What I really like about Greenberg is the brazen confidence and self-regard with which he stares straight in the face of the biblical prohibition and declares, simply and in no uncertain terms, “No, this law does not refer to me and to people like me.” That is, the type of sex condemned by Scripture, an act that he thinks codifies the domination of one group of men vis-à-vis their social inferiors, represents a historical relic with no binding authority on him today as a free person. It’s a pity that Greenberg takes too long to get to this basic point (pp.259, 262).
What I really like about Greenberg is the way he “gravitates toward, rather than away from, the centers of conflict” (243-4). He promotes here a peculiar form of civil disobedience. Gay men should simply show up at synagogue together with their partners, and with their children, pushed along in strollers alongside and with everyone else. This would make orthodox rabbis come up with a solution or force an ugly public confrontation. The very act of showing up in person, the very act of posing a question, Greenberg argues, is already to start undermining the prohibition it challenges by removing the sense of “obscenity” upon which the prohibition depends.
At issue here is the important distinction made by Haym Soloveitchik in “Rupture and Reconstruction: The Transformation of Contemporary Orthodoxy” between the more relaxed forms of mimetic based community and tradition with which he was familiar growing up versus the more rigidly codified forms of text based community and tradition that emerge on the scene after World War II.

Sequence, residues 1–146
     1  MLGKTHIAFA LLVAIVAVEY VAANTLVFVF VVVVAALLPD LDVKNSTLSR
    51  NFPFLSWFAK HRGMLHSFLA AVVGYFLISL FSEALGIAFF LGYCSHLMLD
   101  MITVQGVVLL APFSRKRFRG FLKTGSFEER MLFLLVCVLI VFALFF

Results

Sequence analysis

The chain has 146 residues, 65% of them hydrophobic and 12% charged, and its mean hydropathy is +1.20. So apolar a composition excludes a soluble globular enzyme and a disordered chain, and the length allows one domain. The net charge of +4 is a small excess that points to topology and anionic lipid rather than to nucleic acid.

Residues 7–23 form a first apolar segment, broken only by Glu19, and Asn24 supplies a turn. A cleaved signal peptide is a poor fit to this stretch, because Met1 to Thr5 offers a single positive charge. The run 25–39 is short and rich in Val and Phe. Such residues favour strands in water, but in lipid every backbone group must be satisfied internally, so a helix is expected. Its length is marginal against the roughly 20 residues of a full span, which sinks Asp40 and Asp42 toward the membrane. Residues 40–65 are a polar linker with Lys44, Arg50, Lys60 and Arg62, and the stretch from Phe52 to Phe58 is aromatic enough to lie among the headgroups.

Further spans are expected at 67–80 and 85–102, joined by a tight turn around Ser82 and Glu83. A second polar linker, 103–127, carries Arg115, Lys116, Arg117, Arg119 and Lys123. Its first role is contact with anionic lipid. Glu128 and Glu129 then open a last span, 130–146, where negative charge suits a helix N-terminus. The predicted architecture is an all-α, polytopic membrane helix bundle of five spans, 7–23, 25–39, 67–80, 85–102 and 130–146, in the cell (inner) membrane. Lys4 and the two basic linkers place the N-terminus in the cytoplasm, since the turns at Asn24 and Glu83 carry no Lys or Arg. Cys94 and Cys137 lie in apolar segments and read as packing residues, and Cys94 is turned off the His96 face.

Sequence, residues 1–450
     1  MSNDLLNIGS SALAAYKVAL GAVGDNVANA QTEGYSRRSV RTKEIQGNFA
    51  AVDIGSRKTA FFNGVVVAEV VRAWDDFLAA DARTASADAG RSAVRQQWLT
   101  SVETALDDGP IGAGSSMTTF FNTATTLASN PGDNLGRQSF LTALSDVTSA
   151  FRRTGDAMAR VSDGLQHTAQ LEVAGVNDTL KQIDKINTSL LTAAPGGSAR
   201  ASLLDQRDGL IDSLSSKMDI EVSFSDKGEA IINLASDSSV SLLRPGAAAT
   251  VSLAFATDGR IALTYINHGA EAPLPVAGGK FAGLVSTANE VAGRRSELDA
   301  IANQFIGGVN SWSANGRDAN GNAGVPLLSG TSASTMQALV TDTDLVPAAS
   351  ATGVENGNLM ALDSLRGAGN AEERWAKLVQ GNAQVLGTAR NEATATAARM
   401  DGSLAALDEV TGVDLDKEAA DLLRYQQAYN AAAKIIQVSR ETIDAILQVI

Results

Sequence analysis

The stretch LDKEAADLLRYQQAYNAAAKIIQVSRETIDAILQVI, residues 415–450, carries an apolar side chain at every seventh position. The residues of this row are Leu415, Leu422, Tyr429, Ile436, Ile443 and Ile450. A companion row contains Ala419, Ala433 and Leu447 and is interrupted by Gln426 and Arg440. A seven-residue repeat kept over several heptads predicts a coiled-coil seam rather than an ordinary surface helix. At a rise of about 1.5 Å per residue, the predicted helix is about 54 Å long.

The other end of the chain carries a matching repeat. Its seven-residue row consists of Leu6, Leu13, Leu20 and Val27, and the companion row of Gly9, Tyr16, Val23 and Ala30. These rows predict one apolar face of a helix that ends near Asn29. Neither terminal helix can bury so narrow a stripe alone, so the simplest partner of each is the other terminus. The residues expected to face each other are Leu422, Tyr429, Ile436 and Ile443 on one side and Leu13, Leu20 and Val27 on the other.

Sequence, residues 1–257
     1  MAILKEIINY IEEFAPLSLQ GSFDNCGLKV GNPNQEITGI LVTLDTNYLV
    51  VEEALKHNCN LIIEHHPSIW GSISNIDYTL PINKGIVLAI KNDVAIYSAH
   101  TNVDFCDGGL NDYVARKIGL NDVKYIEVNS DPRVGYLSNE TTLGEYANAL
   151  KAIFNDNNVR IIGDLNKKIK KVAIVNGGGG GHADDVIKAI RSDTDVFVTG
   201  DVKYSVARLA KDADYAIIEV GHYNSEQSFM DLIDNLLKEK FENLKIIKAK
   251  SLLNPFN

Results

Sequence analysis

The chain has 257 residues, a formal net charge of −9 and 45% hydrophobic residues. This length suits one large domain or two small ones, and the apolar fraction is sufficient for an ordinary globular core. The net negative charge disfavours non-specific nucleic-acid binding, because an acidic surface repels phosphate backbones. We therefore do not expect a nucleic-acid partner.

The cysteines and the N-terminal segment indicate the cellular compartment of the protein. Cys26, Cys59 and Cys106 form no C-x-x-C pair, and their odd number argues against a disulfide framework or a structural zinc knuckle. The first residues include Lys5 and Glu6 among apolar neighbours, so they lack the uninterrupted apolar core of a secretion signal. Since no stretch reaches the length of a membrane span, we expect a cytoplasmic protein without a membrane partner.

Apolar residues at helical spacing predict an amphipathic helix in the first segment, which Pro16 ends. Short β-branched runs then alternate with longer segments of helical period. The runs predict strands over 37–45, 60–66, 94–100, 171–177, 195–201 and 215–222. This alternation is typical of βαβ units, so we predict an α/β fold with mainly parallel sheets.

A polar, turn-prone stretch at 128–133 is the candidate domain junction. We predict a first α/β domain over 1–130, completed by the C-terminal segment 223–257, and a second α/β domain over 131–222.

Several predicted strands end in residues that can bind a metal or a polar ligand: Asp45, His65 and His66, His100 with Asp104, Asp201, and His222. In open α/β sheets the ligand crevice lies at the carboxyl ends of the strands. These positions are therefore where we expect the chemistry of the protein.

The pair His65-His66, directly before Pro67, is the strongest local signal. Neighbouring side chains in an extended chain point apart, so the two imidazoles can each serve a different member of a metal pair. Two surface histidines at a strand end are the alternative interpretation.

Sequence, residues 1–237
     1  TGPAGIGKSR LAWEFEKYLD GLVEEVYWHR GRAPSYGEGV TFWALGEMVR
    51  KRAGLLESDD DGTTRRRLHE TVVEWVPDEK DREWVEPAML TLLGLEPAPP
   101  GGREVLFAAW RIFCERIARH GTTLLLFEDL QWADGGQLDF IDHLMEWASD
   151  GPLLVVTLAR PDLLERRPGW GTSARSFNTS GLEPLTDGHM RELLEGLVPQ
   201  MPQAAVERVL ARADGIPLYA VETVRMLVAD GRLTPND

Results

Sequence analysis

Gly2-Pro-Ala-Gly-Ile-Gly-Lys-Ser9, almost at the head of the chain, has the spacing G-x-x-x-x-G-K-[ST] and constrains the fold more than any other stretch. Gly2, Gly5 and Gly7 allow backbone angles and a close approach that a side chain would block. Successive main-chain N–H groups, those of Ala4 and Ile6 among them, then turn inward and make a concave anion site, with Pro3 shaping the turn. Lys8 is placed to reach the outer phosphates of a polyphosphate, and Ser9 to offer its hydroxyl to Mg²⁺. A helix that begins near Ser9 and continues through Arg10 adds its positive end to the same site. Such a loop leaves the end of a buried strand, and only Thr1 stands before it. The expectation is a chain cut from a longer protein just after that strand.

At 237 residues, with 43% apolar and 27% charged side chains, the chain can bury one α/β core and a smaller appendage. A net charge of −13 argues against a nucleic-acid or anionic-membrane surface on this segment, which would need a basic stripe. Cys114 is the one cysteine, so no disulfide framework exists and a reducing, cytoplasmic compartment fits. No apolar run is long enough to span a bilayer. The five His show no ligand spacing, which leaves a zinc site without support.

In a mimetic community, people learn by watching and mimicking others, who interpret law in accordance to what they perceive to be the spirit of the law, i.e. according to a more loose set of social and moral and political patterns. In text based communities, on the other hand, what matters is the text and doing what you think the text tells you to do, to bend your will and to bend life more and more to the text.
In Wrestling with God and Men the concepts “community” and “law” are configured vis-à-vis each other according to a more mimetic model. The book’s first and last word is community (hospitality and open community, the affections of social filiation, the company of men, welcoming synagogues). “Community” provides the frame, the first word and the last word, into which are wedged “law” and “text.” Law and text, the image of law and text, one’s sense of law and text are thereby shaped and re-shaped by the community and its overarching patterns of action and thought into which they are embedded. In contrast, a more conservative and less giving approaches force “community” (including the community of gay men) into the narrower and narrowing static confines of law and text.
Is this worth the trouble? Only if you are gay and orthodox, or if you care about gay people and halakhah, of if you want to be sympathetic to another person and open to alternative points of view. As for me, I really don’t think it is for me as a liberal to impugn the complex desire and judgment of people who are gay and orthodox. I think there are gravitational attractions here that are at bottom stubborn and unyielding, unreasoning desires that operate in tandem and about which one can reason only after the fact of their first re-cognition.